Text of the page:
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Feline Asthma – What is it?

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A few months back as I listened to my cat, Bumblebee, hack up what I thought was another furball, something didn’t seem right. As I watched him seemingly cough and gag for about 10 minutes, I wondered if it was more than I thought. With a deep inhale (the struggle taking grumpy cats to the vet is very REAL!), I knew a visit to the vet was needed.

Dropping him in (with only the faint smell of cat urine left behind in the car) he was admitted for observations and a full exam. Naturally, like all cats, the symptoms magically disappeared whilst he was cage bound for 8 hours. However, luckily we have other ways of finding out what might be wrong with him. He would need a blood test and a series of X-Rays to tell us more.

To gain a full understanding of what was happening, I was asked a series of routine questions, as I answered each I was starting to figure out what may be happening. The last question confirmed it… “Have you been renovating your home recently”?… Yes! Yes, I have. With this, his physical exam and his X-rays back, the diagnosis was in. I can’t believe I have one of “those” cats.

He has asthma! The seed of Satan has asthma. Of course!

 

Symptoms Of Feline Asthma

It’s not very common, but we do see cats suffering from asthma. Symptoms include:

  • Difficulty breathing
  • “Wheezing” and coughing (that sometimes sounds like gagging)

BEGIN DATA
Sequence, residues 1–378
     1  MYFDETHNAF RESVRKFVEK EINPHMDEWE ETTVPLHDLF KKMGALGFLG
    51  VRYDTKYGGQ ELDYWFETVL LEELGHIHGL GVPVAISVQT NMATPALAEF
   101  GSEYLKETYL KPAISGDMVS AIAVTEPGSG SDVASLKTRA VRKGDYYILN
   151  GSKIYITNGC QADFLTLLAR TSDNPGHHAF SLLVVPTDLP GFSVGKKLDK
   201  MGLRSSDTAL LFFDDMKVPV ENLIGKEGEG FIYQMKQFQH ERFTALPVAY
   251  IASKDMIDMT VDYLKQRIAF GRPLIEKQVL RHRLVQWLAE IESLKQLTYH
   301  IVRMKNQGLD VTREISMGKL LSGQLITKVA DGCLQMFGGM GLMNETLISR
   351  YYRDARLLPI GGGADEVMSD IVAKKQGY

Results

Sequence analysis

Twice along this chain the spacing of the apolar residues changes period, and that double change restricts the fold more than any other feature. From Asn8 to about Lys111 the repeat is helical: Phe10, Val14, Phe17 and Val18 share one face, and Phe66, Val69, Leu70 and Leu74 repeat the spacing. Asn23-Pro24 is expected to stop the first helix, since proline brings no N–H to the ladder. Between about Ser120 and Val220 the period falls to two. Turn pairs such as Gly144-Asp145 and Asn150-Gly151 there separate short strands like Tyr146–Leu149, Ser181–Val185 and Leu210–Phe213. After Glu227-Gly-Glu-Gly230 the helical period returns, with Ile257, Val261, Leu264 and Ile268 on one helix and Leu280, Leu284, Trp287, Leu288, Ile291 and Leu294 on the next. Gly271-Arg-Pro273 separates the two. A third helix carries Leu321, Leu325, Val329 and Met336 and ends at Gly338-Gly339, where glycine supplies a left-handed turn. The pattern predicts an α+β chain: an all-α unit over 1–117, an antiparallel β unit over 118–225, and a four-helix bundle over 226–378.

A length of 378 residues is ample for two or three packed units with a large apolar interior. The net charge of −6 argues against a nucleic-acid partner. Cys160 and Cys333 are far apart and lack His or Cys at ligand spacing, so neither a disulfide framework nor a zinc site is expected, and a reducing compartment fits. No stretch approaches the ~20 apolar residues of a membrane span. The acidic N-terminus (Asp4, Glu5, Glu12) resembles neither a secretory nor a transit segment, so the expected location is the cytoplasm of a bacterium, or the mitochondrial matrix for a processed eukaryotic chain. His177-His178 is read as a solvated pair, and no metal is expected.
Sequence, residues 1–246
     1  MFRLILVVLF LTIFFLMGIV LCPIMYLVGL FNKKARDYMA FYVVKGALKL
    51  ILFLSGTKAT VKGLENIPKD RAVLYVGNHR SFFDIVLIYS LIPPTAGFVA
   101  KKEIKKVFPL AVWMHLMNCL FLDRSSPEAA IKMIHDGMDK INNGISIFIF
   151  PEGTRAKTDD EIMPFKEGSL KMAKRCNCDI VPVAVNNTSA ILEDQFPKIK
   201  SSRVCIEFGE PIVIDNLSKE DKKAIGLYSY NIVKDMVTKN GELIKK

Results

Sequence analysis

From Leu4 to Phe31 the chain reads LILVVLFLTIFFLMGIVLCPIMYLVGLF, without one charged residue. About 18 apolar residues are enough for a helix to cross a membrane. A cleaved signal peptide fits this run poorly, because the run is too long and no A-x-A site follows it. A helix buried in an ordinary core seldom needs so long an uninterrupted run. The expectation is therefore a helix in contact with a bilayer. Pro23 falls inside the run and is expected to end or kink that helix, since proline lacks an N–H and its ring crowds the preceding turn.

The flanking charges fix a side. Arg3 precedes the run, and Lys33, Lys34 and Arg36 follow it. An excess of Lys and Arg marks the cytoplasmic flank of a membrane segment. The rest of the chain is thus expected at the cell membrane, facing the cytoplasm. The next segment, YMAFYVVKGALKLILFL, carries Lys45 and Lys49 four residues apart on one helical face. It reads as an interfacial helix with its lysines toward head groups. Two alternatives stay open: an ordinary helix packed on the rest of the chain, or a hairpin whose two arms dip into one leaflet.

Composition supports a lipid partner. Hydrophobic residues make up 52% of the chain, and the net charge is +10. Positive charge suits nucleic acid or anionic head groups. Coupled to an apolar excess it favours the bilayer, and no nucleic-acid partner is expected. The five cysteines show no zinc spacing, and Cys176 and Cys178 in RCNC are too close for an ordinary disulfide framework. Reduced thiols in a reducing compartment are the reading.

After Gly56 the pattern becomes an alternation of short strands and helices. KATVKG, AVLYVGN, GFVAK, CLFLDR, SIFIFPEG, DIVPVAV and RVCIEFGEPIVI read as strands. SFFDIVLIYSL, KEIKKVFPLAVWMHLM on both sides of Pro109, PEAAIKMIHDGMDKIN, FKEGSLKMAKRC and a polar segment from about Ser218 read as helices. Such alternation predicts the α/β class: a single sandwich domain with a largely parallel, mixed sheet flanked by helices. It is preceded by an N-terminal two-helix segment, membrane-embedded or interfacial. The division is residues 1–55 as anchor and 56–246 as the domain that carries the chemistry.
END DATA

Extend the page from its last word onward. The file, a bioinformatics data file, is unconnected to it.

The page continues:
• In severe cases, cats may sit with their necks extended, panting with their mouths open

Like “Bumblebee”, the signs of feline asthma can come on quickly and may be scary to watch. Your cat may panic if they feel they can’t breathe, so do all you can to keep your cat calm; now is not the time to chase him down the hallway and force him into a carrier. Watch them and allow them to calm down first. However, if your cat seems to be struggling to breathe (using abdominal force), is panting, or if his tongue, gums or lips are turning bluish, this is an emergency. Please call us for advice immediately.

 

What Causes Asthma in Cats?

Cat’s can hide symptoms of asthma for years. “Bumblebee” was 7 ½ when he was diagnosed. Suspected triggers include pollen, grass, mould, dust mites, tobacco smoke, cat litter, household cleaning products and even some foods.

The condition usually shows up in cats between the ages of 2 and 8 years of age.

 

Managing Feline Asthma

The first thing you’ll need to do is try and eliminate the triggers that may cause respiratory distress in your cat.

Depending on how bad your cat’s asthma is, he will most likely be treated with a combination of a daily steroid, either by inhaler or pill, and a bronchodilator inhaler for use as needed.

 

Caring for Your Asthmatic Cat

Home care is mostly about prevention: Minimising exposure to dust, smoke, aerosol sprays and other irritants is essential; use low-dust litter and leave the litter box hood off.

As with most cat health issues, the key to successful management is to know your cat well. Keep your eyes and ears open for any changes, give medications as directed, and get veterinary care as needed. We will work closely together to help your cat stay healthy.

Getting your cat used to the inhaler – YouTube Video

 

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Pets Health is a full service animal hospital with clinics located in Hilton and O’Halloran Hill. We are dedicated to helping you keep your best mate happy and healthy through each stage of their life with compassionate and reassuring veterinary care.

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O’Halloran Hill Vet Centre

123 Main South Road
O’Halloran Hill, SA 5158

Hilton Vet Centre

142 Sir Donald Bradman Drive
Hilton, SA 5033